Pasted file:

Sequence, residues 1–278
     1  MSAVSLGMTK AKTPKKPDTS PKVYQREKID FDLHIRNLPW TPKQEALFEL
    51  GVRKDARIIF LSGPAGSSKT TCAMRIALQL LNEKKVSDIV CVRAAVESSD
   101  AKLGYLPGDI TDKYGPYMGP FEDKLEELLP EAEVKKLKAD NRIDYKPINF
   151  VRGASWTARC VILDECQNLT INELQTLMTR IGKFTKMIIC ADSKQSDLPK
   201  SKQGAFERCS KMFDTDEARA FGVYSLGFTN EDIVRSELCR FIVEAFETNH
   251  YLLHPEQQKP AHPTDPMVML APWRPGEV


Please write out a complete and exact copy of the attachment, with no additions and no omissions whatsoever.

Sequence, residues 1–278
     1  MSAVSLGMTK AKTPKKPDTS PKVYQREKID FDLHIRNLPW TPKQEALFEL
    51  GVRKDARIIF LSGPAGSSKT TCAMRIALQL LNEKKVSDIV CVRAAVESSD
   101  AKLGYLPGDI TDKYGPYMGP FEDKLEELLP EAEVKKLKAD NRIDYKPINF
   151  VRGASWTARC VILDECQNLT INELQTLMTR IGKFTKMIIC ADSKQSDLPK
   201  SKQGAFERCS KMFDTDEARA FGVYSLGFTN EDIVRSELCR FIVEAFETNH
   251  YLLHPEQQKP AHPTDPMVML APWRPGEV